Home Inspections: What to Inspect and Why

Buying a house is a big undertaking and with the real estate market, as it is right now, a lot of homebuyers are waving the home inspection. Is this a good idea? What if something’s wrong after you close on the home? Should you really waive the home inspection or do your own inspection?


The home inspection is a vital part of the home buying experience. The largest purchases you’ve probably ever undertaken and not knowing everything about it is just not wise investing. However, in hot seller’s markets, many sellers are actually completing their own home inspections to make the home buying process much smoother. They hope to streamline the process and fast-forward through the home inspection having it already completed. However, depending on the situation and the transaction, this may or may not be wise for the buyer.


We focus solely, 100% on the buyer. Our goal and interest is for the buyer only, not necessarily for the seller. While everybody wants a win/win situation, our goal is to make sure that the buyer is completely protected, understands the process, and comprehensively knows everything they can about the properties before they finalize the deal.


Again, each home is unique so, whether or not the home may need an inspection will depend on a case-by-case basis. However, if you are planning to have a home inspection, a qualified inspector is key to understanding everything you can about the properties.


Here are some things to inspect and why when purchasing a home in the Orlando Bay area.


Home Inspections: What to Inspect and Why



The foundation obviously is the “foundation” of the property and should be in good condition. There should be any major cracks, crumbling, or sinking even though most homes will settle over time. The inspector will check the age of the home to determine the integrity of the foundation and whether or not it needs repair. Foundation repair is probably one of the most expensive repairs a homeowner can undertake so making sure that the foundation is well secure is the key to the rest of the house.


Home Inspections: What to Inspect and Why



Just like bookends, the foundation and the roof secure the home in the middle so not only does the foundation need to be secure but the roof should be in good condition as well. While it’s not usually as expensive as major foundation repairs, it can be upwards of $10,000 or more depending on the material. Roof inspection will tell you how much life left the roof has and whether it needs certain repairs. This is a critical part of the home inspection that should not be overlooked. The roof inspection will also include part of the rain gutters and downspouts as well.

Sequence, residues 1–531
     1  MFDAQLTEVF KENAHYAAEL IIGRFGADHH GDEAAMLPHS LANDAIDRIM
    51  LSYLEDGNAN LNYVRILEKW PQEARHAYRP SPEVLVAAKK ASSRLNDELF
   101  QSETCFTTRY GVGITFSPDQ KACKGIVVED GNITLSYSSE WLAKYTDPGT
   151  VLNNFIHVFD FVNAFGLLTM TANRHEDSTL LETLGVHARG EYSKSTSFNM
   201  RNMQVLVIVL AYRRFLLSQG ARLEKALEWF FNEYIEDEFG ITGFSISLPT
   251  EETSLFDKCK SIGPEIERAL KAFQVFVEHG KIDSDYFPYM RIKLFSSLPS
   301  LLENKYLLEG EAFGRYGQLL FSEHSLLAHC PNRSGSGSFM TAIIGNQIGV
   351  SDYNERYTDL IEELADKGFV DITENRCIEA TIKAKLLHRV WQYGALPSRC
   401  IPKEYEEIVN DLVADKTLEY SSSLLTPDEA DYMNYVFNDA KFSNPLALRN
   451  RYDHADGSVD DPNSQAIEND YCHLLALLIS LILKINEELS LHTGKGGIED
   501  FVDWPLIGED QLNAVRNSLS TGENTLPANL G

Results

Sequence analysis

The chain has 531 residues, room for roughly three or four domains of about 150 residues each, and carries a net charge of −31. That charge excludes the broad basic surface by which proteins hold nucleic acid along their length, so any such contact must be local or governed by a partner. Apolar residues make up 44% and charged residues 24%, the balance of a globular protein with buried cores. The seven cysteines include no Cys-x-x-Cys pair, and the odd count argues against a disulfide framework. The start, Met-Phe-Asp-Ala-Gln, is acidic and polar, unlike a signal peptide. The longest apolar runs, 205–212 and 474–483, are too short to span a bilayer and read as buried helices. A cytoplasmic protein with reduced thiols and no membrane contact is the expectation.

Home Inspections: What to Inspect and Why




Home inspectors will take a look at the exterior of the home this includes any paneling, stucco, brick, wood, LP siding, metal siding, etc. While most homeowners are unable to tell if siding is good or bad, most inspectors would should give you an updated report of the integrity and life of your siding. Obviously, if the paint is peeling, chipping, and the wood is rotting away, that’s obvious signs of neglect and needed repair.


The exterior can also include walkways and driveways, porches and balconies, stairs, decks, railings, window frames and door frames.


Home Inspections: What to Inspect and Why



Inspectors will also check all the electricity in the property this includes light switches and outlets, power panels and electrical panels. They will verify that the home is properly wired and maintains the right amount of amperage for the house.




Depending on the age of the house, inspectors will check the plumbing to make sure that everything has been properly plumbed, drains properly, and that there are no leaks with faucets, under sinks, bathtubs, water heaters, etc. Any major plumbing issues, a moldy smell, musty, water stains, or leaks, should be repaired before the final sale. These can be costly repairs if left untreated.


Home Inspections: What to Inspect and Why

Basements and garages.


Basements are notorious for leaks, moldy and mildew smells, and unfinished basements can sometimes reek of damage. Inspectors will check the water content, any sump pump issues, foundation issues, crawl spaces, and report on anything that should be repaired or replaced before habitation.


Garages may also have issues and all inspectors should have easy access to all the components in the basement and garage such as water heaters, furnaces and electrical panels.


Pest inspections.


Most inspectors will have some knowledge of pest inspections, especially for the Florida area. However, they may also recommend an additional pest inspection from an expert that deals only with pest inspections and removal. If at any time an inspector recommends an additional inspection, they have clearly seen something that is out of the round of expertise. To avoid any future damage or major costly repairs, we highly recommend additional inspections be completed.


Most inspectors know a little bit about a lot of different things. Some are well-qualified in certain areas such as roofs or construction. However, their general knowledge of the overall construction of a home is extremely valuable when making an informed decision on whether or not to purchase the property. Discuss with your real estate agent the logistics of the report, ask for advice and suggestions, and feel confident going into your home purchase that not only you know the home that you’re buying, but you are well prepared for any future issues.


Related: What to know about buying new construction vs. an older home


Orlando Buyers Broker is your key to getting the home you want at the price you need. We only deal with buyers. For expert buyers agent representation throughout the Orlando area, contact us below at any time.


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